Over the past year or two, I have embarked on a ramen exploration across Houston as well as on my visits to other cities. Ramen has exploded onto the Houston food scene, but before these noodle joints became popular in Houston, I heard rumblings about a spot in Austin called Ramen Tatsu-Ya. My cousins raved about their experience here, saying that it was completely worth the nearly 2-hour wait to get a table.
Now, to be clear, I am typically not a follower of trends. I love to read up on new happenings in the local restaurant and food scenes, but I am never the first to jump on a brand new trend or restaurant that opens its doors. I prefer to wait for the hype to die down, especially in a city where restaurants come and go very quickly.
So about 1 year ago, I found myself in Austin for a work conference and had the chance to stop into Ramen Tatsu-Ya for a late dinner. This was one of my very first experiences with Ramen that didn’t come from a plastic package that my mom made for me, so I was blown away!
So fast-forward one year to last month when I visited the restaurant for a second time… but now, with a much broader and extensive understanding of Ramen. The menu at Ramen Tatsu-Ya is pretty straightforward–small bites, Ramen and a few rice bowls. So I decided to jazz up my dinner with an order of Hush Piggies alongside my tonkotsu original, to which I added menma (bamboo shoots) and a spicy bomb on the side.
The Hush Piggies were pretty much what you’d expect them to be… pork hush puppies, and they were topped with pickled ginger, bonita flakes and a light soy sauce-based sauce of some kind. The rilletes themselves were not very impressive as they were lacking in flavor and were a bit dry. But the heavy helping of toppings added some fun flavors that I did enjoy. You can’t go wrong with pickled ginger atop anything. Overall, so-so.. I don’t think I’d order them again.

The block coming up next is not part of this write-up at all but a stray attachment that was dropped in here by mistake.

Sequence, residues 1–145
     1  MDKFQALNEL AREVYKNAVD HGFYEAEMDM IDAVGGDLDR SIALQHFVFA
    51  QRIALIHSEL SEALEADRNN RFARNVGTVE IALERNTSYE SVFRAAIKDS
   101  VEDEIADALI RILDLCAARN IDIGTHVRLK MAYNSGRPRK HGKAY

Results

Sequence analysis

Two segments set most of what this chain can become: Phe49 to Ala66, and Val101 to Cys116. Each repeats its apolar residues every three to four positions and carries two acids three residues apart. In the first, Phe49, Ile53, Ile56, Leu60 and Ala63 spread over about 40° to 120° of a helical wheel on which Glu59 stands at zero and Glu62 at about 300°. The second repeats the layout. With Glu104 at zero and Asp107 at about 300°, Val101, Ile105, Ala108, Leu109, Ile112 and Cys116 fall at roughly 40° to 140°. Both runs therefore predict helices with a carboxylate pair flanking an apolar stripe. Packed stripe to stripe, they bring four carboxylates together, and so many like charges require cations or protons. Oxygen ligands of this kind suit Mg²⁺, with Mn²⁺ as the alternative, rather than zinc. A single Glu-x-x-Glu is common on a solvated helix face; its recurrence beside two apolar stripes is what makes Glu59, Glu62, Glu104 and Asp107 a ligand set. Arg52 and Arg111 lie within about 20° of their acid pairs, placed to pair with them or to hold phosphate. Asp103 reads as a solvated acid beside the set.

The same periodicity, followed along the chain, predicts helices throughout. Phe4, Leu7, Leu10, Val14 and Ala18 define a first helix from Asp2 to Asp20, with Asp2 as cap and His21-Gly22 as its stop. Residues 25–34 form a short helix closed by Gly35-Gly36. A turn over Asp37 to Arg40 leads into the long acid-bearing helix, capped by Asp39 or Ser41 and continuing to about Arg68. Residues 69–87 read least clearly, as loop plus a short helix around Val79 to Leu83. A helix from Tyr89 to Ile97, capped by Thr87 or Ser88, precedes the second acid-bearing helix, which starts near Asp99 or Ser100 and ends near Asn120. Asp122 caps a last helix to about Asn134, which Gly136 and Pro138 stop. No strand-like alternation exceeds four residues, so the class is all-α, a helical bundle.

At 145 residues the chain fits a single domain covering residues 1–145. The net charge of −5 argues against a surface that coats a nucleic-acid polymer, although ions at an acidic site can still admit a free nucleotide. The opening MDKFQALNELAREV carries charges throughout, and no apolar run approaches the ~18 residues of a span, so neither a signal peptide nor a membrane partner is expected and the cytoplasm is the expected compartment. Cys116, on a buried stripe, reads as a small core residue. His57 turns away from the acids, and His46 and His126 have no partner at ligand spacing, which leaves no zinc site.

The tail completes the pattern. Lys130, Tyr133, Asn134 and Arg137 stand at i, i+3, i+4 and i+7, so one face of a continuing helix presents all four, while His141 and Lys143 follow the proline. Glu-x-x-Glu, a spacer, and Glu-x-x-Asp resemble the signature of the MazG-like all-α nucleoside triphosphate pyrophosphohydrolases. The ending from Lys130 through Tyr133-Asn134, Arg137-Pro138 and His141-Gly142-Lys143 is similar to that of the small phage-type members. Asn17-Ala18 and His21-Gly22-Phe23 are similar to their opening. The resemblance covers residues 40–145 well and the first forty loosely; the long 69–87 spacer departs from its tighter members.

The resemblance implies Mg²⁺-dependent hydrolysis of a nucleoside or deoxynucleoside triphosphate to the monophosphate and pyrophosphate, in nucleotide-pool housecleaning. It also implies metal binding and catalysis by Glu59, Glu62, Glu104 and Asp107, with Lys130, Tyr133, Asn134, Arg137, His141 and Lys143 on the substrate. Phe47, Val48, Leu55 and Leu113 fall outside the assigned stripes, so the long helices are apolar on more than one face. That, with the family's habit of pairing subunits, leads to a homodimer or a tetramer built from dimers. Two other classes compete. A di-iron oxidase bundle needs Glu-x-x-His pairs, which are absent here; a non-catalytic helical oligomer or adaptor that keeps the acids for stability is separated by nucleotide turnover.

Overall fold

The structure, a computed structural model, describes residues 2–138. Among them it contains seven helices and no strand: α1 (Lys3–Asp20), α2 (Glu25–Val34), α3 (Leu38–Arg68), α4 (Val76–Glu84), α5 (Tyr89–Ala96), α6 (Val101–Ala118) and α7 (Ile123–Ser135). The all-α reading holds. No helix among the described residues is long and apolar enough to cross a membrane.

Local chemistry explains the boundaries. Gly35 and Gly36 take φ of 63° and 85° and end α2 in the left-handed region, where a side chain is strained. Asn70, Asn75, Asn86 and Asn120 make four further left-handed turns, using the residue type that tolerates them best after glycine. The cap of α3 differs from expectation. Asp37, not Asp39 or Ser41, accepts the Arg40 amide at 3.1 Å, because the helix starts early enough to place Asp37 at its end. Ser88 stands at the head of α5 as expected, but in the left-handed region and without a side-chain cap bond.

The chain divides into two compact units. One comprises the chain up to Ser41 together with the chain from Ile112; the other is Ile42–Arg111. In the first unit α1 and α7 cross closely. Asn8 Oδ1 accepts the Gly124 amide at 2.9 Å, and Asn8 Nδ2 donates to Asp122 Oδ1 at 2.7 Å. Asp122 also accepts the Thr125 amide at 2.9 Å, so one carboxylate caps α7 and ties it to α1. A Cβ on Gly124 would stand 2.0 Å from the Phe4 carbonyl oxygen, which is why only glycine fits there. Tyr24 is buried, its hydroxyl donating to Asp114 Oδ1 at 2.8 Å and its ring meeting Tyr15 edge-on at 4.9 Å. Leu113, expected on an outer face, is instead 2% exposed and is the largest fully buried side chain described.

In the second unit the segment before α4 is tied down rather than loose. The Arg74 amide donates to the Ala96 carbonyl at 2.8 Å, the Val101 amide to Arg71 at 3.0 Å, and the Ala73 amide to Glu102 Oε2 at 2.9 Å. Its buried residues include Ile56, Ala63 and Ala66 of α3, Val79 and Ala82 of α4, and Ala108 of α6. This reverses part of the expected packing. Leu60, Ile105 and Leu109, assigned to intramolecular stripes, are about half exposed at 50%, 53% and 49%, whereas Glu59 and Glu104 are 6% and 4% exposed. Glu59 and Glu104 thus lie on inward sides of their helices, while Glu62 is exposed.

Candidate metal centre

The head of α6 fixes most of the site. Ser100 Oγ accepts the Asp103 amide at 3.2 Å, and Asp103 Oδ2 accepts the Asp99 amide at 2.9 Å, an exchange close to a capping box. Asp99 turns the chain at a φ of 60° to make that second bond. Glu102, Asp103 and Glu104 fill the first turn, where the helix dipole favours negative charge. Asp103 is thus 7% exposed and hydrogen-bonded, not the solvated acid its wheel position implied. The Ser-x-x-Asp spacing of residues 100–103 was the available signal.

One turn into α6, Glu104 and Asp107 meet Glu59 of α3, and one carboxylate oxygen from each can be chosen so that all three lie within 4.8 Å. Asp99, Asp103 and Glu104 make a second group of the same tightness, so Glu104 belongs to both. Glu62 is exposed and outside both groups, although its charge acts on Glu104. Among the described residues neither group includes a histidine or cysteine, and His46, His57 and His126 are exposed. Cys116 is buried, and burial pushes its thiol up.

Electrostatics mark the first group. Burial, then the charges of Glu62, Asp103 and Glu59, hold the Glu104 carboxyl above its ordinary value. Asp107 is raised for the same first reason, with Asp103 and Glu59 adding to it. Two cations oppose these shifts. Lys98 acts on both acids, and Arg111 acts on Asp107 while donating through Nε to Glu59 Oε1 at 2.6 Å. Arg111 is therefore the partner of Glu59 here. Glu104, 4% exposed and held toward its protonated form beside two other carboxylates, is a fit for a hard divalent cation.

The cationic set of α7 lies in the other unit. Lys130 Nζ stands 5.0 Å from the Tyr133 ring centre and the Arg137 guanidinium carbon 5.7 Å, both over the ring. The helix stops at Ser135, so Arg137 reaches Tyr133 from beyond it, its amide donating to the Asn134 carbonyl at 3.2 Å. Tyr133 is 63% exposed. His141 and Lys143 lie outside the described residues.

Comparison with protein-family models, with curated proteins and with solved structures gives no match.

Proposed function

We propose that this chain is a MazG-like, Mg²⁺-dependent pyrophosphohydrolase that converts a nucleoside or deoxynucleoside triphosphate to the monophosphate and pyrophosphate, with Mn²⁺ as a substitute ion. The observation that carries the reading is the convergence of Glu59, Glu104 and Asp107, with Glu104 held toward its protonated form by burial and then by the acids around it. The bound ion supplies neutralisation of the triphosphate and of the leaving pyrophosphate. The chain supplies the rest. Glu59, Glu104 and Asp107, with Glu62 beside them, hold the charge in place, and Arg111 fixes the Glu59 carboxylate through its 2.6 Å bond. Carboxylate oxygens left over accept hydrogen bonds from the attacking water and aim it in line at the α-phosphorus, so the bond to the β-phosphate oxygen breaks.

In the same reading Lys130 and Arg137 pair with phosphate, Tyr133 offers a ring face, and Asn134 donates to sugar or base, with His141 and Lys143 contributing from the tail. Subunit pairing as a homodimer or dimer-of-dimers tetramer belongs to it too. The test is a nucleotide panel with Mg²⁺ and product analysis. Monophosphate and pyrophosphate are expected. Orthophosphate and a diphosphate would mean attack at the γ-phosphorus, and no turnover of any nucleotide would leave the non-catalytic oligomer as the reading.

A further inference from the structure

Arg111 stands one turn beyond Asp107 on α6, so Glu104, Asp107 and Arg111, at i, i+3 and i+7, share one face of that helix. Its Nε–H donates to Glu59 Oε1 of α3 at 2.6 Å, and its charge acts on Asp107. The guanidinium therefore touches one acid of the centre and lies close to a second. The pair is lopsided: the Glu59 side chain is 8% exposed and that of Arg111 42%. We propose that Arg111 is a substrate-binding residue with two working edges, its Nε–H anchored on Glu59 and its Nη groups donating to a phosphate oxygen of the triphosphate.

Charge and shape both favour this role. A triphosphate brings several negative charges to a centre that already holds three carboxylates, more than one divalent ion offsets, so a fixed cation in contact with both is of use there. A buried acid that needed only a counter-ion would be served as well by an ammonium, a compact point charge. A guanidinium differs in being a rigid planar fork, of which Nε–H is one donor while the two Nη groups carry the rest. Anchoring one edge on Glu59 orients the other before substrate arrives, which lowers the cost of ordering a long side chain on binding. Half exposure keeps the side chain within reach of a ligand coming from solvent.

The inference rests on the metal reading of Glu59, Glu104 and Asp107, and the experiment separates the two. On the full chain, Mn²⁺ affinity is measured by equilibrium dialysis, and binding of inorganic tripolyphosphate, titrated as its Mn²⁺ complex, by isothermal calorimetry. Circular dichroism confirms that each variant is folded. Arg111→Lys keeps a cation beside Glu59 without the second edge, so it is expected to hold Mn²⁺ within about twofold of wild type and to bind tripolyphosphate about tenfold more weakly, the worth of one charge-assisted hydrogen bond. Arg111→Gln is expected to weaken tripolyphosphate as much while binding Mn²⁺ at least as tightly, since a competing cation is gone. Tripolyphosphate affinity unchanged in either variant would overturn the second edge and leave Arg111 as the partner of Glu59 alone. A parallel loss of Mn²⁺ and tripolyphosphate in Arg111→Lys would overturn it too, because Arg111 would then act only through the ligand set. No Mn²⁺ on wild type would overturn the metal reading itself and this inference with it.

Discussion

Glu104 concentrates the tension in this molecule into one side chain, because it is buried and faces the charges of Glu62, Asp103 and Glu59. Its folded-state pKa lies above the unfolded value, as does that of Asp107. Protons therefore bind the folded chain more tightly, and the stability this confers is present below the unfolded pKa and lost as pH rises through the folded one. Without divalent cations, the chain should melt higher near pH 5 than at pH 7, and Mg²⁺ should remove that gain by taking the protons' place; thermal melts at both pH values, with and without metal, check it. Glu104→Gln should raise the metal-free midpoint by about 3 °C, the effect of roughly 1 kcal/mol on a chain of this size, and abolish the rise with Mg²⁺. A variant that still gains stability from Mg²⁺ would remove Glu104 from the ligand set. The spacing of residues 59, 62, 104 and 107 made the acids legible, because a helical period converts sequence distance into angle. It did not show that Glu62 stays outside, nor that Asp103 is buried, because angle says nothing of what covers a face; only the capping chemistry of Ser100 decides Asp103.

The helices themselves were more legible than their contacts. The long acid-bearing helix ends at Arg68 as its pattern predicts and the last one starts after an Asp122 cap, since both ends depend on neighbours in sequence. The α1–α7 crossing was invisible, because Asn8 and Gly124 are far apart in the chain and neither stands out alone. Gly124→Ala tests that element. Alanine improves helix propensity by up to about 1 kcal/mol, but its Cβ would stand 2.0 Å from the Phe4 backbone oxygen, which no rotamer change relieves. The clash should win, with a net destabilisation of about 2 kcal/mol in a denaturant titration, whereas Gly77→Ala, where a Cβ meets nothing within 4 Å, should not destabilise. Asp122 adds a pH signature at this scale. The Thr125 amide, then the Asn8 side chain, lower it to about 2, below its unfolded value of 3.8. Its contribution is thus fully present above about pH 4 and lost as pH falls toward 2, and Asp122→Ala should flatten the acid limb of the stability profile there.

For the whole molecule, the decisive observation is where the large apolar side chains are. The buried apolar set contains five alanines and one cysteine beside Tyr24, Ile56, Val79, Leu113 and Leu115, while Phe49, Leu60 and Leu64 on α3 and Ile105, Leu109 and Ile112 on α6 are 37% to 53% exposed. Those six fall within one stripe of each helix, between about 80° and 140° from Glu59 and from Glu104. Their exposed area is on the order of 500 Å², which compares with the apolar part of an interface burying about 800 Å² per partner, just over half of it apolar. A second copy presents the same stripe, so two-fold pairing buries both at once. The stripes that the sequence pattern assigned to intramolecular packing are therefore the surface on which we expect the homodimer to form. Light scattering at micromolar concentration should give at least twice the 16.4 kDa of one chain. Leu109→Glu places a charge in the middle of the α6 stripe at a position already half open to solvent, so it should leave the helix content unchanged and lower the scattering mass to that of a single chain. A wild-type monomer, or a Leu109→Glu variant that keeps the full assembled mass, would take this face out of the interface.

My soup came out pretty quickly after my Hush Piggies, so I set those aside and skipped right to my tonkotsu. The spicy bomb was the right amount of spice I like, so I added a nice helping of it to my bowl and dove in! So it’s interesting when evaluating Ramen.. because there’s only a few variables that determine how good or bad the soup is. To me, the broth should be flavorful, the noodles tender but not too mushy and overcooked, and the meat (I generally go with pork, so in this case, pork chasu) moist and seasoned well. Man, it pains me to say “moist”, but that’s the only way I can describe a spectacular chasu.
My tonkotsu broth was not very savory, so the spicy bomb added a lot of the flavor to the soup. The menma, kikurage and egg were delicious, but that’s pretty standard at any shop. The chasu was flavorful, but not the melt-in-your-mouth kind that I go gaga over. All in all, pretty mediocre and not worth the hype in my opinion. I’ve heard mixed reviews of their new Houston location, but I’d be open to testing it out once the local buzz dies down, of course!